Following in the footsteps of Netflix – the streaming service that is tanking when it comes to sales after going full-blown liberal – Dick’s Sporting Goods has already lost $250 million for taking anti-gun actions in their stores, according to CEO Edward Stack.
After Sandy Hook, Dick’s stopped selling AR-15s and after the Parkland school shooting last year, Dick’s stopped selling guns to folks under the age of 21.
Edward Stack also revealed that Dick’s actually destroyed $5 million worth in Ar-15s following the decision to stop selling them, turning them into scrap metal.
Both of these decisions were strongly criticized by customers who want stand for the Second Amendment and have caused huge financial loss to the company – “a quarter billion dollars,” according to Stack.
However, Stack isn’t worried about the giant loss in revenue.
In an interview with CBS Sunday Morning, Stack considered the dip in revenue “worth it,” stating,
“So many people say to me, you know, ‘If we do what you want to do, it’s not going to stop these mass shootings.’ And my response is, ‘You’re probably right, it won’t. But if we do these things and it saves one life, don’t you think it’s worth it?'”
Here's clips from CEO Edward Stack's interview with CBS for you to see yourself:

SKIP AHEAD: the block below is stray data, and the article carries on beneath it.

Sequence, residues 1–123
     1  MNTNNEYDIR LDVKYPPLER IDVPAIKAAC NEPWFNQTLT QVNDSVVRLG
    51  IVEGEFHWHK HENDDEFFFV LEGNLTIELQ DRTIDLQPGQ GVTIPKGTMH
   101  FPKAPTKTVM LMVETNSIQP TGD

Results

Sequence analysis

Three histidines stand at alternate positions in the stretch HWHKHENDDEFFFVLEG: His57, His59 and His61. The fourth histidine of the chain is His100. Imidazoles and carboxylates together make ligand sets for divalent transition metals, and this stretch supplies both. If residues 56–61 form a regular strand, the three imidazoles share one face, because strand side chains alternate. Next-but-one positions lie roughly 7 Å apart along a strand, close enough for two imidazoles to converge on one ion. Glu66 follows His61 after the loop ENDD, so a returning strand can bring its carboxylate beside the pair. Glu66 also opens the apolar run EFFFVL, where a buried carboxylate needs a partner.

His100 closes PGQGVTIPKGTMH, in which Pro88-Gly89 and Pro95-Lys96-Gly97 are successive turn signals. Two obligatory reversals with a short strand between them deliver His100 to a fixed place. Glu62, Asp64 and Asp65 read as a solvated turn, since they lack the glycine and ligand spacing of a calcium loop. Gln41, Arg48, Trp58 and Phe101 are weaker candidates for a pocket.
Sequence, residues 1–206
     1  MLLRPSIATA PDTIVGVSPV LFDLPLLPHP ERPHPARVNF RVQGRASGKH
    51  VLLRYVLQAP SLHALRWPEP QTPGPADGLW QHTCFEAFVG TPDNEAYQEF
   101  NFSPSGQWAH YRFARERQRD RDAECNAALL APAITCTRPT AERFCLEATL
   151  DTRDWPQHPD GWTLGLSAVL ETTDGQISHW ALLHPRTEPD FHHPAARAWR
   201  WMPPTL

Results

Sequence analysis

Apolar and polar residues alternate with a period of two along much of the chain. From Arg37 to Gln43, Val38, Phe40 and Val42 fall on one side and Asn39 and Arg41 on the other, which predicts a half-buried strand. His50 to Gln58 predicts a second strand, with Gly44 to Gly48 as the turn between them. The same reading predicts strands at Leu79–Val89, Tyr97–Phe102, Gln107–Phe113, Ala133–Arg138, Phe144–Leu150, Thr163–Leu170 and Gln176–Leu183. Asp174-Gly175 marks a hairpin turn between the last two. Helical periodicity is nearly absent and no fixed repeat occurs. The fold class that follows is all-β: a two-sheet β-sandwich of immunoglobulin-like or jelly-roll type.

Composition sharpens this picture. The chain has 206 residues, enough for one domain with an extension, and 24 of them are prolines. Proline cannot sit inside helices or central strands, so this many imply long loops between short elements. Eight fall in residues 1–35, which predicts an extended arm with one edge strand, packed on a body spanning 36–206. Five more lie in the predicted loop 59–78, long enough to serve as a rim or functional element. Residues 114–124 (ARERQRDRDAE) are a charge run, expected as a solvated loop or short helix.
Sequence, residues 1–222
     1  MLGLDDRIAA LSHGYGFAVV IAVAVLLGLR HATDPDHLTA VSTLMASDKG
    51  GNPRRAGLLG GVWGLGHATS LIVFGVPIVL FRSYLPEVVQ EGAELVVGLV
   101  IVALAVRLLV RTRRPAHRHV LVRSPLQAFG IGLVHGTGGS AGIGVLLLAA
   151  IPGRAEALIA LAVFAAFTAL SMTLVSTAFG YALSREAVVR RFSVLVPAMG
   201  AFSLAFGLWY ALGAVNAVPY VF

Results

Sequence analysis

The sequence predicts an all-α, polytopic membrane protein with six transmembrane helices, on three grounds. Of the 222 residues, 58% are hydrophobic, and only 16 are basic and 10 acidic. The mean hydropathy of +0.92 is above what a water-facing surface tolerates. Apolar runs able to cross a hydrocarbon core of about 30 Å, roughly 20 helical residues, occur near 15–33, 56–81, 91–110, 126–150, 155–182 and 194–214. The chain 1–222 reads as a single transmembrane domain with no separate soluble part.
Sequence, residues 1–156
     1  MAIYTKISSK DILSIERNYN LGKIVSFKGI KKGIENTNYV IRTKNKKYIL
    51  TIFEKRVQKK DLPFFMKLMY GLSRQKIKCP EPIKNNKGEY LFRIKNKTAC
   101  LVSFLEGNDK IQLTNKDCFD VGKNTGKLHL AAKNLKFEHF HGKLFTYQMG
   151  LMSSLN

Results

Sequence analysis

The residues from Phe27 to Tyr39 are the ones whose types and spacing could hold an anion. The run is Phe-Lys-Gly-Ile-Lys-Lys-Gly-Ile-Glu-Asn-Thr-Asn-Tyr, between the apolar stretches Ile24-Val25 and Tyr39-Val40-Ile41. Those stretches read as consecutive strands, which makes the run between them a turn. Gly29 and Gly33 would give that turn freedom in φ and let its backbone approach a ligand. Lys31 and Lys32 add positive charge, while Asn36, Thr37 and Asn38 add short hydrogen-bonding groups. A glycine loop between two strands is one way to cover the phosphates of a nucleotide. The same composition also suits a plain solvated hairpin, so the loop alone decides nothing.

What do you think of Dick's anti-gun decisions?
A little drastic?
Are you surprised they've lost millions from customers?
Here's more from the Dick's CEO from CBS:
Overseeing more than 720 stores in 47 states, Ed Stack, the CEO of Dick's Sporting Goods, has a multi-billion-dollar empire to run. But Stack is now balancing running a business with his new role as one of the corporate faces of America's gun control debate.
"I don't understand how somebody, with everything that's gone on, could actually sit there and say, 'I don't think we need to do a background check on people who buy guns.' It's just, it's ridiculous," he said.
It's a pretty controversial stand from a company that's been in the gun business a long, long time. His father, Richard Stack, started Dick's Bait and Tackle in Binghamton, New York in 1948. He used a $300 loan from his grandmother's cookie jar to do it. He was just 18. These days he'd probably hardly recognize the place – it's grown from that one tiny location into a nationwide chain, with some stores that are big enough to house the Space Shuttle.
As Dick's grew, it became one of the biggest sellers of firearms. Until, that is, 2012, when a gunman opened fire at Sandy Hook Elementary School in Newtown, Connecticut.
"All we were going to do was just take it off the shelf and not say anything," said Stack.
The "it" he's talking about is the AR-15, a lightweight semi-automatic modern sporting rifle similar to the one used in the Sandy Hook massacre. He ordered all of them be removed from every Dick's Sporting Goods store across the country.
"We probably get a little bit of a backlash, but we didn't expect to get what we got," he said. "All this about, you know, how we were anti-Second Amendment, you know, 'we don't believe in the Constitution,' and none of that could be further from the truth. We just didn't want to sell the assault-style weapons that could inflict that kind of damage."
What Dick's did, didn't stop mass shootings; they were uncomfortably numerous after Sandy Hook. But when a shooting happened at Marjory Stoneman Douglas High School in Parkland, Florida in 2018, it hit closer to Stack than it ever had.
"We found out that we sold this kid a shotgun," Stack said. "That's when I said, 'We're done.'"